The ancient parish was crossed by a network of roads. One, the Buckingham road, was a Roman road, running from Alchester (just north of Wendlebury) to join the Watling Street at Towcester. The Launton, Caversfield and Bucknell roads were ordered to be made 40 feet wide by the Market End inclosure award of 1758. The state of the roads about that time may be judged from Sir Harbottle Grimston's observation that the road between Bicester and Buckingham was 'very bad, almost impassable for a carriage'. The turnpike acts, however, transformed this situation. Buckingham Road was turnpiked in 1768–9; the Banbury road, a part of the coach road from London to Birmingham, was turnpiked in 1790–1 along with the Bicester–Aynho section of this road. The Bicester-Aylesbury section of it had already been turnpiked in 1770. When this road entered the parish in the south it followed the line of Akeman Street. It originally entered the town centre via Water Lane/Chapel Street. A toll-gate was situated not from far from its junction with Priory Road. The road was then re-routed along the line of the current London road, prior to the building of the Oxford / Bletchley railway line in 1850 and the toll-gate moved further out of town on the Aylesbury/London road. See 1833 map. The turnpike from Aylesbury to Aynho via Bicester (i.e. the London road) was freed from toll by acts of 1875 and 1876. The toll-house on the London road was still standing in 1956.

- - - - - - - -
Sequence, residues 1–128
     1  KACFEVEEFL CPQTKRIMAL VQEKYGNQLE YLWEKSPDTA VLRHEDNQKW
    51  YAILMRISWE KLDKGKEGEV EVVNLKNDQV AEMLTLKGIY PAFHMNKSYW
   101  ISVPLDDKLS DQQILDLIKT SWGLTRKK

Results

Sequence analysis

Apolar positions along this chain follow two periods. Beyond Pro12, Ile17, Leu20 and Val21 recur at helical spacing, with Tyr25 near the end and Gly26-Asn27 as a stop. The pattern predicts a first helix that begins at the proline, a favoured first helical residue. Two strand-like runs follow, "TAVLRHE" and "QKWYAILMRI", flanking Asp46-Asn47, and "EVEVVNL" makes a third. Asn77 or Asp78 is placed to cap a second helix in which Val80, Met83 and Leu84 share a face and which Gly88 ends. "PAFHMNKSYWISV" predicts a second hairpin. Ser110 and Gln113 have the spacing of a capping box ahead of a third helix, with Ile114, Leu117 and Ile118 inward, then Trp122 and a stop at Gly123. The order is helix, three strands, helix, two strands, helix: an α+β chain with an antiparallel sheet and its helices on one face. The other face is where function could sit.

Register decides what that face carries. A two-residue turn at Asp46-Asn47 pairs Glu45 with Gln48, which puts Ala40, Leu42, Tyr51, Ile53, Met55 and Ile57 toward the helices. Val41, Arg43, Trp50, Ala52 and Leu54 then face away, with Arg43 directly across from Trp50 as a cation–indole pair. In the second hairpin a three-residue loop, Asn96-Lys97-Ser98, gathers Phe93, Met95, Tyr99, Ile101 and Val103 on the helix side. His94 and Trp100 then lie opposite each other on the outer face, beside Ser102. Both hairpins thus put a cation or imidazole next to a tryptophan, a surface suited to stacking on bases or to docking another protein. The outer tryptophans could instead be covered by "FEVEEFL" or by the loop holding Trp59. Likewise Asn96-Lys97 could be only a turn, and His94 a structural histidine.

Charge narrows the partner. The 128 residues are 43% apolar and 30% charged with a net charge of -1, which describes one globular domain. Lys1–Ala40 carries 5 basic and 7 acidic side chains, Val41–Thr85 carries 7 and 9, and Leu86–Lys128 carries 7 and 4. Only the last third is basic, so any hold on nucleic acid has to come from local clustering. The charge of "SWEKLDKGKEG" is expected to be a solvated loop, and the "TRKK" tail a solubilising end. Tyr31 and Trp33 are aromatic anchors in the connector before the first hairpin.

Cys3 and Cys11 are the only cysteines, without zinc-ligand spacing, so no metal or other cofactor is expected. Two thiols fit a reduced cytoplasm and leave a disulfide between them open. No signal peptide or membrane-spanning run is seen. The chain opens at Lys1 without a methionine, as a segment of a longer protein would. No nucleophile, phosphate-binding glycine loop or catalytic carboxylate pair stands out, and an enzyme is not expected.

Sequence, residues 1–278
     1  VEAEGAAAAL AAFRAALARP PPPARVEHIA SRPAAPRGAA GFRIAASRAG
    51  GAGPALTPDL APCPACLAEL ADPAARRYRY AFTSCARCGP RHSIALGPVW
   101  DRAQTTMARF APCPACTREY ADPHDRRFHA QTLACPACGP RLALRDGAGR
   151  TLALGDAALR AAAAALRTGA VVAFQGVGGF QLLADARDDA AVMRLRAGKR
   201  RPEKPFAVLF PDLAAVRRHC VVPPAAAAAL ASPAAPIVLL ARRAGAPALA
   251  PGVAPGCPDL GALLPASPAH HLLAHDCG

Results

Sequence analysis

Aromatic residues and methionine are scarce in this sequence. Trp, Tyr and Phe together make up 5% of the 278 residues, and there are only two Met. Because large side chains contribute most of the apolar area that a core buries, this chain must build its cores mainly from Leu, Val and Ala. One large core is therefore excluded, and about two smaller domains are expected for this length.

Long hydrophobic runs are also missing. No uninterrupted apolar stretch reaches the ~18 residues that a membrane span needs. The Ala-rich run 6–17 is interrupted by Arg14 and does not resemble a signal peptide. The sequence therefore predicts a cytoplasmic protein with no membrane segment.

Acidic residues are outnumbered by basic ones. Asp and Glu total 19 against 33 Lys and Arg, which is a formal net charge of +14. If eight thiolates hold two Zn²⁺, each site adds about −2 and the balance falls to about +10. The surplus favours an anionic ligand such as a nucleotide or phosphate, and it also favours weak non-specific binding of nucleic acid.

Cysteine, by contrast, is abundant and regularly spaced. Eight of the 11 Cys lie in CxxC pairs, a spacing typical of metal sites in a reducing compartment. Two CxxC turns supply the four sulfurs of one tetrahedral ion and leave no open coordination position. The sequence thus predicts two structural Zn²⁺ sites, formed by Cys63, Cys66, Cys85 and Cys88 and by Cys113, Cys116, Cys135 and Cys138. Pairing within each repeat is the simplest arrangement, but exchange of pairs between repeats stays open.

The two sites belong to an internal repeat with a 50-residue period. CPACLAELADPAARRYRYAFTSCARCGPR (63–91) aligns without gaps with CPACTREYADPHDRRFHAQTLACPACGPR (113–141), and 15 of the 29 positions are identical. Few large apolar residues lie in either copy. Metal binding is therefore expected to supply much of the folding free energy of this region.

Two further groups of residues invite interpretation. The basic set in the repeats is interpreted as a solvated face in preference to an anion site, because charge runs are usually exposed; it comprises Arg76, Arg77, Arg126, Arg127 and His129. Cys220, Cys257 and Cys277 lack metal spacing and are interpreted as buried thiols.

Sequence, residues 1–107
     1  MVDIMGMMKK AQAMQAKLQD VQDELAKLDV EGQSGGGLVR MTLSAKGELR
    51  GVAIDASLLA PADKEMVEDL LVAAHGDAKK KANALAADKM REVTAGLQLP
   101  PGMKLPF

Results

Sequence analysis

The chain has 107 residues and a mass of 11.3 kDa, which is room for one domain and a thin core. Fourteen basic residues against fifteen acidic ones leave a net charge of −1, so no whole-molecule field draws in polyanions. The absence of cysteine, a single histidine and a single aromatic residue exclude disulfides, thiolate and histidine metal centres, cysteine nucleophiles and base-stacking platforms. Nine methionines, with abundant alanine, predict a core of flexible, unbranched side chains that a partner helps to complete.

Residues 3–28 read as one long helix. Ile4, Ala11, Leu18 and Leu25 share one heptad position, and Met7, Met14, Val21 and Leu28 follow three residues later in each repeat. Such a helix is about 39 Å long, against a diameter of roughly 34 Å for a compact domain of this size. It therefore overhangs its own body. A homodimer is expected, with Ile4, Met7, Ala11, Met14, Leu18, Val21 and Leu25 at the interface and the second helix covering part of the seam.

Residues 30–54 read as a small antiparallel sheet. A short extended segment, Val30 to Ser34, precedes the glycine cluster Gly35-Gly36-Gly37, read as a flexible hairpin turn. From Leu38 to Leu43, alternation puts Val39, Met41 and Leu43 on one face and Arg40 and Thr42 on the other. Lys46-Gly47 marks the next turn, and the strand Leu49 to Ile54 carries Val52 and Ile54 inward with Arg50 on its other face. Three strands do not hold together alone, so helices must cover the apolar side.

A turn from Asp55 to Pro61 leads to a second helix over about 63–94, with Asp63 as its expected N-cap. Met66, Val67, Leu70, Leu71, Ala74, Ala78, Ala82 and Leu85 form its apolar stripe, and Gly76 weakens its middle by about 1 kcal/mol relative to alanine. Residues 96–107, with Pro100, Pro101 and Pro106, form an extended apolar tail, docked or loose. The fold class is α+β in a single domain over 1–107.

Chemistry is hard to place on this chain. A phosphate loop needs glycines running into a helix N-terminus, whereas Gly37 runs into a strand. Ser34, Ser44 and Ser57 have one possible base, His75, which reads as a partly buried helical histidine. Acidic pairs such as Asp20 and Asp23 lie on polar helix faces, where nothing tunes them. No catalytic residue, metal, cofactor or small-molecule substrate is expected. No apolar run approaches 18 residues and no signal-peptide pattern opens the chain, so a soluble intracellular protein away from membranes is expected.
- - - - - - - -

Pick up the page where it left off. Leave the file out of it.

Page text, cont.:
Coaches began to run from Bicester to London in 1752 and by 1795 the 'Old Banbury' coach went through Bicester to London six days a week and there was a weekly wagon passing through from Birmingham to London. A weekly coach to Oxford for the Saturday market began to run in 1794 and a mail cart in 1798.
A new arterial road to by-pass the centre of Bicester was built in 1939; it followed the line of the old Roman road through King's End to Crockwell; it was named Queen's Avenue and planted with trees in 1953 in commemoration of the coronation of Queen Elizabeth II. It was at this time that the road to Oxford was straightened. Originally it wound its way along the road that now runs past the Wyvale Garden Centre, through the centre of Wendlebury and on towards Kidlington. Traces of the old road can still be found behind the petrol stations on the A34 near Weston on the Green.
Oxford Canal is amongst the earliest of cuts in the Canal Age. It was constructed and opened in sections between 1774 and 1790 with a wharf at Lower Heyford, six miles from Bicester. This was particularly valuable as it brought Bicester into direct connection with the collieries in the West Midlands and ensured a supply of cheap coal. Horse drawn carriers then transported the coal to Bicester.
The railway first came to Bicester in 1850, when the Bletchley to Oxford line was completed and the London Road station on the L.N.W.R. line was opened. Bicester North station was opened by the G.W.R. in 1906. (fn. 15) Co-operation between the rival companies was so good after the First World War that until 1940 both stations shared one stationmaster.